Sunday Morning Shorts: Week 3

Short stories told by our ambassadors. Each week a different prompt! 
Grab some coffee - Grab a seat


What is the most important thing you have forgotten to bring with you on a trip?

 If there's one thing in life that I can outshine anyone in, outdoors or not, it's forgetting fairly necessary equipment for whatever I'm doing.  There was one solo backpacking trip that stands out when it comes to forgetting necessary items on trips, and that is the time that I forgot my hiking boots in the Beartooth Mountains of Montana.  Any rational person would, once realizing that the sandals on their feet are the only footwear they remembered, turn back and find some decent footwear for the snowy, icy, boulder and scree filled terrain that I was setting out on. I am not a rational person.  I had just driven six hours for this and only had enough money on me to get back after.  I decided that the sandals would suffice, and headed out on my own for the five day trek. After a mixture of doubling up my socks, going without socks, and cursing to myself while walking barefoot, I managed to have a fantastic trip.  I would like to say that I learned a lesson here, but my preparation for trips since then tells me that I haven't. I believe in forgetting equipment. I think that's when your outdoor creativity shines and your winging-it skills improve dramatically. -Morgan


The red match head disintegrated every time I struck it against the box's striker. And with each failed attempt to light the match, my anxiety grew. It was my first trip leading participants in the backcountry and my co-counselor and I had forgotten to pack a lighter. All our matches were completely soaked and we had no other means of lighting a fire to cook dinner for our  group of tired and hungry paddlers. Eventually the problem was resolved, the fire was lit, and dinner was served, but I learned a valuable lesson that evening: always build redundancy into your gear checklist, so if something fails once, you have a backup plan. -Michael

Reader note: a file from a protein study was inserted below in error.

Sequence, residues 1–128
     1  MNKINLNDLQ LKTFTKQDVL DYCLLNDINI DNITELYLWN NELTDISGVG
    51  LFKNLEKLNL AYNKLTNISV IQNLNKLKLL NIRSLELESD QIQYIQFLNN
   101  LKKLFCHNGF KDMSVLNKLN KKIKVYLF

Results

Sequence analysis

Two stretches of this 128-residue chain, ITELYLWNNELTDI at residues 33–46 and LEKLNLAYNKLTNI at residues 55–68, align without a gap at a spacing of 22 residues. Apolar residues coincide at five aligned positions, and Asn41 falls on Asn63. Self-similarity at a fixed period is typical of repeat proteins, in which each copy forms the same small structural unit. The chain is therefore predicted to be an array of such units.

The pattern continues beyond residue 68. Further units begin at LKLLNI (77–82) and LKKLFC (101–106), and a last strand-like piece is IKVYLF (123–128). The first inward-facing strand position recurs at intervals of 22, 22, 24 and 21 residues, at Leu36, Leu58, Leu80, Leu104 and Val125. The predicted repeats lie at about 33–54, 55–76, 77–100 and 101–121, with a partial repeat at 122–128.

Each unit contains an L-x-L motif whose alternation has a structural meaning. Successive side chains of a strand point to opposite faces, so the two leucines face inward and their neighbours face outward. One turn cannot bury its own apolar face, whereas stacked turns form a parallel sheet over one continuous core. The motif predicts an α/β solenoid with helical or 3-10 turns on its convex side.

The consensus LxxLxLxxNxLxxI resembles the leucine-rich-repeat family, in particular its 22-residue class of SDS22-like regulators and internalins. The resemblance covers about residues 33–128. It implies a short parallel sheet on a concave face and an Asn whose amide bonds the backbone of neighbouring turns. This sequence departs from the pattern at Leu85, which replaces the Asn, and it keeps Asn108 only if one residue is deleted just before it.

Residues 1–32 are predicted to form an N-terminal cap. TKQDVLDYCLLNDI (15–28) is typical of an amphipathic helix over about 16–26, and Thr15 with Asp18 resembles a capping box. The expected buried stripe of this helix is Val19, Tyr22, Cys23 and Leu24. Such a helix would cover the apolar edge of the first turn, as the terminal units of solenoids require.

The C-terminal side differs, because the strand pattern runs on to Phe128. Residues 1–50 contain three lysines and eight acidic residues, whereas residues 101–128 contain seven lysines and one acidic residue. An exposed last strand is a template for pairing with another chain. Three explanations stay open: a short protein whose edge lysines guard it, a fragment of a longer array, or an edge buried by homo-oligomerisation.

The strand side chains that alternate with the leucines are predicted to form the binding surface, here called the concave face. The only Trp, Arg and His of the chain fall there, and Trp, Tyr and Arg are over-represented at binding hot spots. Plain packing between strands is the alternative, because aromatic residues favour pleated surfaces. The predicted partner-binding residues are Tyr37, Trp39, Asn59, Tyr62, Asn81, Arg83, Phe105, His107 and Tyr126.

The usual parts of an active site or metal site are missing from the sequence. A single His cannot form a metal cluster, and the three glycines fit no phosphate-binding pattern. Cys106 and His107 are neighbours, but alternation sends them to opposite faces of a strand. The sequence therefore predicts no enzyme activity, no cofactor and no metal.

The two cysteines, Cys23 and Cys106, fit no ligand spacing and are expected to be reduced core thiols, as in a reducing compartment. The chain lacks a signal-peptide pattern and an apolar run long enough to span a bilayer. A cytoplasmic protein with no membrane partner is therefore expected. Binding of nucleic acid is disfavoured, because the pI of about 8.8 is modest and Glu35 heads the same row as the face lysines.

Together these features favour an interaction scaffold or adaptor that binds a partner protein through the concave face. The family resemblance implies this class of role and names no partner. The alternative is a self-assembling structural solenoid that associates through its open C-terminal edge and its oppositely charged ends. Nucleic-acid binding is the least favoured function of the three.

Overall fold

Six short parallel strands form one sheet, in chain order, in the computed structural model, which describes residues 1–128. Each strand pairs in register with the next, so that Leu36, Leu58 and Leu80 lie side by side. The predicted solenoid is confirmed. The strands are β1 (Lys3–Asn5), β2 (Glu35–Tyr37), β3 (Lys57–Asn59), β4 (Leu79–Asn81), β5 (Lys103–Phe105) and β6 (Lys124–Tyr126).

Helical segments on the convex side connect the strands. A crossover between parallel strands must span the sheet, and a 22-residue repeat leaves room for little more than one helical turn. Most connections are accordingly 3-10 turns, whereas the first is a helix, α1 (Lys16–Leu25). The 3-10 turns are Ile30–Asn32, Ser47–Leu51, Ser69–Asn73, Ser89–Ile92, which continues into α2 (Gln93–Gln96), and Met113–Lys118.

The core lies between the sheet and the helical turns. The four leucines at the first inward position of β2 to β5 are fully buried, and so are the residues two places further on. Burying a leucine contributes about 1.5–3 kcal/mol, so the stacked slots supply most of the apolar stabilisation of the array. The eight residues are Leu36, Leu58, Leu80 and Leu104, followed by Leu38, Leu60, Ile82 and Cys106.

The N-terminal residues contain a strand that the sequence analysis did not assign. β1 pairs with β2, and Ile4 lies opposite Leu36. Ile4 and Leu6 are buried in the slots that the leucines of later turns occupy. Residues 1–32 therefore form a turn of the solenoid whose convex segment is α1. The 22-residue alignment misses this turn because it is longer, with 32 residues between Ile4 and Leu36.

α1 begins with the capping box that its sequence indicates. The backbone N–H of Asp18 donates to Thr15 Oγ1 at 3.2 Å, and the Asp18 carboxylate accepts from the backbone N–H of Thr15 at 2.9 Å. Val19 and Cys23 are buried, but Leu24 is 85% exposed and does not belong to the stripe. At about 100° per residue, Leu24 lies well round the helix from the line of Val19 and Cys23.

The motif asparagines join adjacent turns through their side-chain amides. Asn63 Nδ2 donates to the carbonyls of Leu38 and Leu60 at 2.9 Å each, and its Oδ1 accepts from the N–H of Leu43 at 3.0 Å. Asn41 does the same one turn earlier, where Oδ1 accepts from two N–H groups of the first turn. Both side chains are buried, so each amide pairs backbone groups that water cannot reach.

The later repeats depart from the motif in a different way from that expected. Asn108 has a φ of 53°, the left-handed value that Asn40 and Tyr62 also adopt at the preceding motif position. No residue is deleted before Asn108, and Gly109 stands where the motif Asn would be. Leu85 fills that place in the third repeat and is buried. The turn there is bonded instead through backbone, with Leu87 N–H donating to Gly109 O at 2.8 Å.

This all happened this past winter in the White Mountains of New Hampshire. We  parked in the Cog railway lot, walked the quarter mile to the trail head, and began our ascent of Mt. Clay via Jewell Trail. As soon as we got on the trail there was a river crossing. Normally I take my time and figure out a safe path to cross, but this time I didn’t. I was hiking with a couple people for the first time, and I thought I'd be smooth and show off how quickly I could rock hop to the other side. Wrong!! Splash!! I went straight into the freezing cold water soaking my shoes and socks and looking like a rookie in the process… That was the last time I forgot to pack extra socks and shoes in the car for a day trip. -Erick


 Any sea kayaker will tell you the importance of having a spray skirt. Any sea kayaker will also tell you that a spray skirt is a crucial piece of gear on a 30 day trip on Lake Superior. We were camped at a large group site the night before starting our trip, and in the morning I came to the unfortunate realization that we were missing a spray skirt. This discovery was made worse by the reality that our van had dropped us off and left, and that the nearest town was 60 miles away. I decided to walk around the campsite and see if there was any other kayaking group that would be willing to sell me a spare spray skirt. Since it was only 5:30 in the morning there were few people up and about, but after a bit of wondering, I found an RV that was trailing a couple kayaks. I explained to the elderly couple seated out front that I was with a YMCA group, and that myself and my participants were heading out on a month long trip. While sympathetic, they could not split with their spray skirts as they too were spending the next week paddling. Dejected I headed back to my campsite to inform my still sleeping participants the nature of our dilemma. Before I made it back however, the elderly couple flagged me down and offered to drive me the 60 miles into town to buy a new spray skirt. The crisis was averted, my participants got to sleep in, and Roger and Ginger will forever be a crucial part of our trip's success. -Lloyd